Aigle royal (Aquila chrysaetos) adulte du mont Taksempt, à l’oued du Parc National de Tlemcen

Aigle royal (Aquila chrysaetos) adulte du mont Taksempt, à l’oued du Parc National de Tlemcen. (Hafeda Benamammar)

Use of habitats by resident and migrant birds in and around a golf course on the Atlantic coast of Morocco

Greig-Smith, P. W. (2014). Use of habitats by resident and migrant birds in and around a golf course on the Atlantic coast of Morocco. Bird Study 61(1): 111–120. doi:10.1080/00063657.2014.882289

Abstract:

Capsule: Woodland bird species were more diverse and more frequently encountered on a Golf Course than in nearby habitats.

Aims: To assess the occurrence of woodland birds in the recently created Mogador Golf Course compared to surrounding undeveloped woodland.

Methods: Bird surveys were carried out in four seasons between October 2011 and July 2012, using one-minute point counts to compile species lists for the Golf Course and nearby Woodland. Data were analysed by ANOVA to detect differences between areas and among seasons, for individual species and for the average number of species per count.

Results: Sixty-six percent of species encountered were in both areas, but 29% were only on the Golf Course. The range of species was higher in all seasons for the Golf Course, and over the whole year was almost twice as large. More species were recorded per one minute count in the Golf Course (4.44 ± 0.12) than in Woodland (3.56 ± 0.15). Eight of nine species were more frequently recorded in Golf Course counts.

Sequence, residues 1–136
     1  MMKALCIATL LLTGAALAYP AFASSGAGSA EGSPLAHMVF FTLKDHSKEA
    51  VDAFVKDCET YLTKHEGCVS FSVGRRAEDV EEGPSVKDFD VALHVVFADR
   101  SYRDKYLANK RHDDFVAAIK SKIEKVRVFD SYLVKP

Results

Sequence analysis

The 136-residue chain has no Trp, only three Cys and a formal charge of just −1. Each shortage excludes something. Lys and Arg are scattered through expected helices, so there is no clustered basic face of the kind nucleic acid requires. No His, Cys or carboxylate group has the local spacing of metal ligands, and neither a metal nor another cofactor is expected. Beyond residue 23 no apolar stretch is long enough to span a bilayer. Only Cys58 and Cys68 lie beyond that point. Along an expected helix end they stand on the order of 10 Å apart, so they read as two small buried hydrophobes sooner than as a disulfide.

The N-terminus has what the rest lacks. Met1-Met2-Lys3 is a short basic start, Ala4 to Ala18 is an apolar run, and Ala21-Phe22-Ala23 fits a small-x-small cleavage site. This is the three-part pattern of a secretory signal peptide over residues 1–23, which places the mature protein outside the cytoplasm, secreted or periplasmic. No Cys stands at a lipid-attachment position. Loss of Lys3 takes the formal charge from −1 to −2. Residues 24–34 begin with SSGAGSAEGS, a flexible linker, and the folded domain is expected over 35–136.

Conclusion: Establishment of the Golf Course has benefited both resident and migrant birds, owing to creation of new habitats (golf fairways and lakes), irrigation, prevention of grazing and retention of previous habitat.

Mogador Golf Course, Atlantic coast of Morocco

Mogador Golf Course, Atlantic coast of Morocco

Habitat selection and partitioning of the Black-bellied Sandgrouse, the Stone Curlew and the Cream-coloured Courser in arid areas of North Africa

Traba, J., Acebes, P., Malo, J. E., García, J. T., Carriles, E., Radi, M., & Znari, M. (2013). Habitat selection and partitioning of the Black-bellied Sandgrouse (Pterocles orientalis), the Stone Curlew (Burhinus oedicnemus) and the Cream-coloured Courser (Cursorius cursor) in arid areas of North Africa. Journal of Arid Environments 94: 10-17.

Abstract: